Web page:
by Natasha Geiling Posted on June 18, 2015
Scientists are calling the current algal bloom, which stretches from central California to Alaska, "unprecedented."
by Katie Valentine Posted on February 25, 2015
Toxic algal blooms, which have been tied to climate change, can poison drinking water supplies.
by Katie Valentine Posted on February 2, 2015
Scientists have found that climate change can exacerbate algal blooms.
by Jeff Spross Posted on October 17, 2014
New research suggests altered weather conditions due to climate change, along with invasive mussel species, are killing off the algae blooms' natural competitors.
by Katie Valentine Posted on September 17, 2014
Heat, drought and extreme rainfall could make harmful algal blooms like this more common.
by Katie Valentine Posted on August 5, 2014
"I think this is a wake-up call for environmental health."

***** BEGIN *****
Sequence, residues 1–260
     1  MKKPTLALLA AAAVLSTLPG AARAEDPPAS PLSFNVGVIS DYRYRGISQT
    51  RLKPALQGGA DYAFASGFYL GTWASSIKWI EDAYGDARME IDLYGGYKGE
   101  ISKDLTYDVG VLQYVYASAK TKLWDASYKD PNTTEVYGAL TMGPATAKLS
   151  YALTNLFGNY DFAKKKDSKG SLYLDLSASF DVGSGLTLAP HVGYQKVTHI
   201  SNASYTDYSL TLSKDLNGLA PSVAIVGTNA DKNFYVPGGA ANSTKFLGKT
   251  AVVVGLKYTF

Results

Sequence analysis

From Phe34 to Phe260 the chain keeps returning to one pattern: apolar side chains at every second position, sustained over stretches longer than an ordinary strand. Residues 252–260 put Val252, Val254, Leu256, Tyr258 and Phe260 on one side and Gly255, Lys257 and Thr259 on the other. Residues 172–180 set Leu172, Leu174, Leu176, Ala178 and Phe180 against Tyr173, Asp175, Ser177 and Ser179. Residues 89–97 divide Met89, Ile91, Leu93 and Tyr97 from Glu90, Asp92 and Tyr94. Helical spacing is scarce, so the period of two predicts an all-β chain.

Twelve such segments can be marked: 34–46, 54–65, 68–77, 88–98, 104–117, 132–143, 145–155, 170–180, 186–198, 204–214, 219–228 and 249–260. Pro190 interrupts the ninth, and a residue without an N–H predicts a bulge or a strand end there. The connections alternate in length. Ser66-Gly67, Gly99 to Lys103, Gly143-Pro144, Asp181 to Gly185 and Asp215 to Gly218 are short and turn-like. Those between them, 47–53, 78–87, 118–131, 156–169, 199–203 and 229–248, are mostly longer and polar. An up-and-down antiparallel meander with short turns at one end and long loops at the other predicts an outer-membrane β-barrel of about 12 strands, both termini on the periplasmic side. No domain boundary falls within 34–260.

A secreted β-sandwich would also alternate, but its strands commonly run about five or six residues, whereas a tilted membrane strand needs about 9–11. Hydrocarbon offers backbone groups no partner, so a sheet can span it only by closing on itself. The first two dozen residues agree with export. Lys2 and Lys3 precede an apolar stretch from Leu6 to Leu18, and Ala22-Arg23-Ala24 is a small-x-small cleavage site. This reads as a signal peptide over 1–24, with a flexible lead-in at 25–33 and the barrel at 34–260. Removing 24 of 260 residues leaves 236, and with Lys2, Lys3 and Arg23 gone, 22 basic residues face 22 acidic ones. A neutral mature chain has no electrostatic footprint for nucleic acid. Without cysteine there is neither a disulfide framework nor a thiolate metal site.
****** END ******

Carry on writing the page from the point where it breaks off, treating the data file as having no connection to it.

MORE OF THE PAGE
by Emily Atkin Posted on August 4, 2014
The toxic algal bloom that poisoned Ohio's water is not just Ohio's problem.
by Kiley Kroh Posted on August 4, 2014
500,000 Toledo residents were without potable water this weekend and while the ban has been lifted, the specific test results have not been made public.
by Ryan Koronowski Posted on August 4, 2014
"It's 50% living like Laura Ingalls Wilder and 50% like we're in Wall-E. All of it is irritating. You don't really realize how constant water is in your life until it's cut off and labeled toxic."
by Emily Atkin Posted on August 3, 2014
Here are 7 things you need to know about microcystin -- what it does, why it's there, and why it's spreading in the largest system of fresh water in the world.